What’s the difference between dry needling and acupuncture?
You may have heard about dry needling, and the only thing you know about it is that the needles look the same as acupuncture, and that’s about it! First let me tell you what dry needling is all about. Dry needling uses the term “dry” because you aren’t being injected with a medication. That helps make the needle super duper small because there doesn’t have to be room for fluid to fit in there too! When the needle is inserted into a trigger point, it causes a “twitch response” which makes the muscle knot melt away (there’s a whole bunch of science stuff behind that, but that’s not what you want to read right now!) You feel the twitch response as an involuntary muscle contraction or tightening. It is perfect for muscles that you’ve been trying to stretch out, rub out, or foam roll out and you only get relief for a few days. It can help you find relief for headaches, backaches and even plantar fasciitis.
Now let’s talk about three differences between dry needling and acupuncture.
Here are 3 differences:
1. Dry needling only deals with the muscles (and fascia)
In dry needling, the needle is only inserted into a muscle belly that a practitioner (for our purposes a Physical Therapist) has found to be dysfunctional (taut band or muscle knot). That is exactly where the needle goes. The PT feels a muscle, determines if there’s a trigger point, and that’s where they treat you with the needle.
Acupuncture, a form of Traditional Chinese Medicine, uses thin needles inserted at very specific points of your body to balance your flow of energy, or Qi (or Chi). It is a very beautiful thing.
2. Dry needling treatment is a matter of seconds
During dry needling, the treatment lasts as long as it takes the muscle to stop twitching. Typically is a matter of 5-30 seconds. The needle goes through the skin, then into the muscle that is in spasm, the muscle twitches to release, and then it’s done. During acupuncture, the needles may remain in your skin for 20-45 minutes.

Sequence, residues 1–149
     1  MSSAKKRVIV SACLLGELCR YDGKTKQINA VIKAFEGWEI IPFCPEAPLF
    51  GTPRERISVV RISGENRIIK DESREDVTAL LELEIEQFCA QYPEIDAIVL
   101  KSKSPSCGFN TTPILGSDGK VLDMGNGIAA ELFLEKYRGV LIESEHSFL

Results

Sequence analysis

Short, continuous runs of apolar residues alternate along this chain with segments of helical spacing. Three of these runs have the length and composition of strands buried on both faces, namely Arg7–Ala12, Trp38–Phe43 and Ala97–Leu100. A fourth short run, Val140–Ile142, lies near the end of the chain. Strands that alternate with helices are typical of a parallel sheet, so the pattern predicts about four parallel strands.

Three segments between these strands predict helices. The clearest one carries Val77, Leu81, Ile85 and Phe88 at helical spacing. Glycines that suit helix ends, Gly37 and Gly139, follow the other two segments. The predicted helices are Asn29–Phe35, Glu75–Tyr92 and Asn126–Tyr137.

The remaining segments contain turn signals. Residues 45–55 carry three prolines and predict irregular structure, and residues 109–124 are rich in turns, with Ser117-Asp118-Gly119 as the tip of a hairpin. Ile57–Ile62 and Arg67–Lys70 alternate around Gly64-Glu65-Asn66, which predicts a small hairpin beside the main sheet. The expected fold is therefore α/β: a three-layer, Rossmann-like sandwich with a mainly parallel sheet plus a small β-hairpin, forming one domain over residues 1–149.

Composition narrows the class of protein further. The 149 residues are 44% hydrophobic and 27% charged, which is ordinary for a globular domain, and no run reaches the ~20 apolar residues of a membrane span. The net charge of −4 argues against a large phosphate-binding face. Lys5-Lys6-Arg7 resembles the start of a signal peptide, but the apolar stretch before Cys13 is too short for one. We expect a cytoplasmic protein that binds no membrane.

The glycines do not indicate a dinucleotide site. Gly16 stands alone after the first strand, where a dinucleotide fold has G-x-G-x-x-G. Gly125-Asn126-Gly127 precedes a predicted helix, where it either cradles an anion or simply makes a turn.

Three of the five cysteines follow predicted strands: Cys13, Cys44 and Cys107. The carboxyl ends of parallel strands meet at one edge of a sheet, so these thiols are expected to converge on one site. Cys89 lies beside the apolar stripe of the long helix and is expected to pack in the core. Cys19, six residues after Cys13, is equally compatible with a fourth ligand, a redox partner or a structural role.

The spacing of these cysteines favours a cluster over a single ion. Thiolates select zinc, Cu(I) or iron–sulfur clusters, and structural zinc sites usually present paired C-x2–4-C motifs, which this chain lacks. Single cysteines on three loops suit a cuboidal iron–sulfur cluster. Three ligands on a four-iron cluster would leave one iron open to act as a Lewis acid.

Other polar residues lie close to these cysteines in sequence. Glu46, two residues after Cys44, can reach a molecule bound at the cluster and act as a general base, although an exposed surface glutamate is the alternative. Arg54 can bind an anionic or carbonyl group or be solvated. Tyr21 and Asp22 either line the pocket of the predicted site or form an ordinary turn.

3. After dry needling, you will go through movement & strength retraining, and may be a little sore
The huge obstacle is getting the knot to melt away, which is what dry needling does AMAZINGLY well. You can then work on quality of movement, improved posture, strength, and flexibility to keep the knot from coming back (exactly what Physical Therapists do so well!) After dry needling, you may be sore. As if you had a really concentrated work out on that single muscle you had treated. After acupuncture, you may feel different responses. My experience has been to feel totally relaxed, and, of course, in balance. Others may feel totally energized. It all depends on what your imbalances are and your goals.
As with anything in medicine, do your own research. Both dry needling and acupuncture are very safe when performed by a competent practitioner. Here is one way to find someone who practices dry needling in your area: http://www.myopainseminars.com/find-a-clinician/
Feel free to call around, ask your friends, and search the internet. I always recommend calling the clinic that you are interested in, and make sure you have a good vibe! One of the best things for your healing is to find a practitioner that you can truly connect with and trust.
I would also like to acknowledge that there are some acupuncturists that believe dry needling should not be performed by anyone other than an acupuncturist. It is a state by state law. Here is a link to the Iowa Supreme Court’s ruling January 10, 2018. https://idph.iowa.gov/Portals/1/userfiles/192/Court%20of%20Appeals%20Ruling.PDF